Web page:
Market volatility remains low across markets from equities to currencies and fixed-income as dealers and investors attempt to evaluate how sustainable the hopeful global economic recovery is.
Investor focus turns away from last week’s central bank statements to U.S policy or Trumponomics. The White House is heading for a busy week, with anticipated House health care legislation coming to the floor and the Senate starting hearings on a Supreme Court nominee (Grouch).
Currently, the ‘mighty’ U.S. dollar is heading for its longest losing streak since last Novembers U.S Presidential election, while most major equity indexes falter near their all-time high, while treasury yields trade atop of the recent lows.
On the weekend, the G20 official communiqué upheld their commitment against competitive “devaluation,” but also omitted language on promoting free trade (see below).
On the data front, investors this week will be kept busy by Euro and Japanese flash PMI’s. In the U.K, price data and retail sales will be released for February. Minutes of the BoJ’s January meeting and the RBA’s March meeting will be published, while the RBNZ will announce its monetary policy decision.
1. EUR to focus on French Presidential Debate
The EUR and GBP have both benefitted from a weaker dollar after the G-20 statement dropped a pledge to promote free trade, reviving concerns about U.S. policy causing disruption to trade. The dollar is also continuing its weakness from a “less hawkish” message from the Fed.
EUR/USD is up +0.2% at €1.0767, while GBP/USD has rallied to a three-week high £1.2436. USD/JPY has dropped to trade atop a three-week low around ¥112.47.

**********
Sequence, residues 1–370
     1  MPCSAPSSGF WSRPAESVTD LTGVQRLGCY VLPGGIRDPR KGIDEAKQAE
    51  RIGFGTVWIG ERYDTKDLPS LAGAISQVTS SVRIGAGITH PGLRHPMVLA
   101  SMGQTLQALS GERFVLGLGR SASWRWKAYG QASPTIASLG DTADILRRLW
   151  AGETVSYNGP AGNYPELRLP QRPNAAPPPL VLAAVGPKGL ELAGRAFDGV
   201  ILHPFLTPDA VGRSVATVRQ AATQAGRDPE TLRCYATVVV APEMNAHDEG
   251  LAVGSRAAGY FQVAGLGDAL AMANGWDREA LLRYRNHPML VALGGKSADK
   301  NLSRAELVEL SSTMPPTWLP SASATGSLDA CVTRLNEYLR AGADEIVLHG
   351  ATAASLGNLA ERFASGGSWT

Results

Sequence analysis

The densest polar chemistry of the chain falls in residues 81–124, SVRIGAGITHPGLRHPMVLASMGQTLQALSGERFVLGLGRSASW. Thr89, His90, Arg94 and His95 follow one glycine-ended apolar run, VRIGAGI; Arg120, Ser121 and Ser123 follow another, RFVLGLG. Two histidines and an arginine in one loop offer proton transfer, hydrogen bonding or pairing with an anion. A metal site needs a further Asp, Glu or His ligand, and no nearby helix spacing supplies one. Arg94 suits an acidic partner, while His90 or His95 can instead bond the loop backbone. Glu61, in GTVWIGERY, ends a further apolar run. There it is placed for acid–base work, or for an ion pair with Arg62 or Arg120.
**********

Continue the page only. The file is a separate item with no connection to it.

Note: EUR’s gains may be limited as market focus shifts to today’s French Presidential TV debate. Any narrowing of centrist candidate Macron’s lead after the debate could indeed instigate fresh EUR selling.
Elsewhere, the KRW (+1.1% to $1,116) trades at a five month high outright amid continued appetite for the currency as the political picture becomes somewhat clearer. TRY ($3.6338) is recovering some of the falls prompted by Moody’s downgrading Turkey’s sovereign rating outlook to negative from stable late Friday.
2. Global stocks see mixed results
Last week was the best week since January for global equities.
However overnight, it was a mixed performance. Equities have retreated in Europe, Australia and New Zealand. Japan’s stock market was closed for a holiday, while indexes rose in emerging markets.
The MSCI’s broadest index of Asia-Pacific shares ex-Japan added +0.3%. In Hong Kong, the Hang Seng climbed +0.7%, while Chinese shares were mixed with the CSI 300 down -0.1%, while the Shanghai Composite added +0.1%. Down-under, Aussie shares closed down -0.36%.
Elsewhere, the MSCI’s emerging markets index added +0.4% to hit its highest level in more than two-years.
In Europe, equity indices are trading lower as market participants digest the weekends G20 communiqué. Banking stocks are putting pressure on the Eurostoxx while energy; commodity and mining stocks trade lower in the FTSE 100.
U.S stocks are set to open in the red (-0.2%).
Indices: Stoxx50 -0.2% at 3,436, FTSE -0.2% at 7,411, DAX -0.3% at 12,055, CAC-40 -0.4% at 5,011, IBEX-35 -0.3% at 10,215, FTSE MIB -0.3% at 20,016, SMI flat at 8,698, S&P 500 Futures -0.2%